New guide spells out how physiotherapists can support the development of AHP leadership

Do you feel heard and represented at board level? Who is your chief allied health professional (AHP) within the organisation your work for? Do you have one?

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'Professionally diverse leadership teams are better equipped to meet the challenges facing the NHS' - new report

If not, a new resource can be used to start the conversation within the physiotherapy and wider AHP workforce.

Allied health professionals, including physiotherapists, should use the document to open discussion with senior leaders within their organisations about the capacity of their AHP leadership structures.

Investing in chief allied health professional roles: insights from trust executives shares the findings from a project commissioned to gain insights from executives who have a chief AHP within their trust, particularly on the drivers, impacts and challenges of implementing these roles.

It was developed to provide an evidence-based approach to reviewing and improving AHP leadership in trusts, by trust executives and clinicians.

Stuart Palma, NHS England & NHS Improvement head of AHPs (professional leadership) and a physiotherapist, said: ‘Overwhelmingly, trust executives told us that once a chief AHP role was in place, the value and contribution of the workforce was immediate. 

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Stuart Palma: 'Contact me for AHP support'

'It is vital that we support organisations and systems to review their AHP leadership arrangements, to ensure the transformational benefits of the AHP workforce are fully realised.

‘If you would like support in reviewing the AHP leadership arrangements within your trust, please contact me on stuart.palma@nhs.net for support if you would like to discuss AHP leadership arrangements within your trust, organisation or system.’

The guide also highlights some of the historical and cultural practices present in trusts, that stifle the leadership development of health and care professions other than doctors and nurses.  Professionally agnostic leadership roles can at times be ringfenced to certain professions, preventing AHPs from applying, and developing leadership skills required to move into senior roles.

The guide provides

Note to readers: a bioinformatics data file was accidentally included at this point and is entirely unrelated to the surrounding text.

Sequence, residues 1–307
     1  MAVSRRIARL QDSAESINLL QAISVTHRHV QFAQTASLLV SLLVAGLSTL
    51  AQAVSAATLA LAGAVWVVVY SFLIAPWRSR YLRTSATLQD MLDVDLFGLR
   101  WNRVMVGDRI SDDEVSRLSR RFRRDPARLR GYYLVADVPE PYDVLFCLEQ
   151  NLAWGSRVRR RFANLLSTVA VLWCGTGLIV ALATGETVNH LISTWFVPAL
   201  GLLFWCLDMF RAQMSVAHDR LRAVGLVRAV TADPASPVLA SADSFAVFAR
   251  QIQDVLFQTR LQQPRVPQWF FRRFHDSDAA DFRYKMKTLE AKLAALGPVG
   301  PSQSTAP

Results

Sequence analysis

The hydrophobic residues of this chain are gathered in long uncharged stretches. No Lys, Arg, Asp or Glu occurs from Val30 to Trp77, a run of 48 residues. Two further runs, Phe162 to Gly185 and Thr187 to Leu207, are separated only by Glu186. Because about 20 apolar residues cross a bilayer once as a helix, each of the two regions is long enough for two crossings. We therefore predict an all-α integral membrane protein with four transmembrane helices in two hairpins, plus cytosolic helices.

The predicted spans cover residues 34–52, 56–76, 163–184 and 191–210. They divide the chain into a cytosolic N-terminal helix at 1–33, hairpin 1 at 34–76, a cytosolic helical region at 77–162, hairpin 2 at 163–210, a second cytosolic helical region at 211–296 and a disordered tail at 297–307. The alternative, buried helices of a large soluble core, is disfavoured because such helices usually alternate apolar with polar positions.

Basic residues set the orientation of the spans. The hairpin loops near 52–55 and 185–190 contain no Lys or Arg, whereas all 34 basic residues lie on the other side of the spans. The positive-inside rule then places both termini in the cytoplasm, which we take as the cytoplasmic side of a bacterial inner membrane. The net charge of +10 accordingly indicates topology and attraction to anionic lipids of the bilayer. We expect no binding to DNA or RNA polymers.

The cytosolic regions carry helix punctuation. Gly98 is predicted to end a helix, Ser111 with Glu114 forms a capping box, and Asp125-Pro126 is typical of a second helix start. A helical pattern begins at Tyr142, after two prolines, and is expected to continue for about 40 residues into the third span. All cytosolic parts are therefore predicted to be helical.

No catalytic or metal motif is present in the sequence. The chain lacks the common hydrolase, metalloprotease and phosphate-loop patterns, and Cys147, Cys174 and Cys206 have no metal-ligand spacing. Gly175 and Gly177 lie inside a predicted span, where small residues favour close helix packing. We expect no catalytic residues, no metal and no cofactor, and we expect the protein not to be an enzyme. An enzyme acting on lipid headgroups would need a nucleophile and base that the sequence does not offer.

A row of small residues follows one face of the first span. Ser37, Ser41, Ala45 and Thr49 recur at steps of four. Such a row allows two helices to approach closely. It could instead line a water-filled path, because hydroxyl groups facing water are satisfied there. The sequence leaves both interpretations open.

•  questions for trusts to consider about the potential benefits and common barriers to developing AHP leadership
  • key insights as to how those organisations are benefiting from dedicated chief AHP leadership, as well as the perceived challenges.

Board members said that having a chief AHP in post had raised the profile of the AHP workforce, increasing its engagement and therefore its contribution to trust priorities.

But they recognised the need for further work to challenge the system-wide, taken-for-granted practices that historically may have limited or concealed AHPs’ strategic contributions to health and social care.

The report’s conclusion states:

The insights that board executives provided for this guide draw attention to system-wide, traditional practices that may have limited or concealed the AHP workforce’s strategic contributions to health and care and to trust success.

Chief AHP leadership can transform an organisation and system by providing an engaged, productive and visible workforce that can contribute actively to trust and system priorities.

It is essential that trusts recognise that a sustained cultural shift is needed to remove outdated practices. By thinking differently about how the system provides development and manages talent, we will maximise the contribution of the NHS’s third largest clinical workforce and ensure we make the most of the talent we have, from all professional backgrounds.

Recruiting for the skills required rather than from a specific profession will enable trusts to provide the integrated, multiprofessional working essential for transformative patient-centred care. It will also provide opportunity for AHPs to develop the skills and experience to become valuable members of the senior leadership team.

Importantly, the report recommends that all organisations appoint a chief AHP with a strategic focus, to provide professional leadership for all AHPs within their organisation.

Professionally diverse leadership teams are better equipped to meet the challenges facing the NHS.  It is vital that the appropriate AHP leadership structures are in place, to ensure the AHP workforce is fully utilised to meet these challenges.

 

 

 

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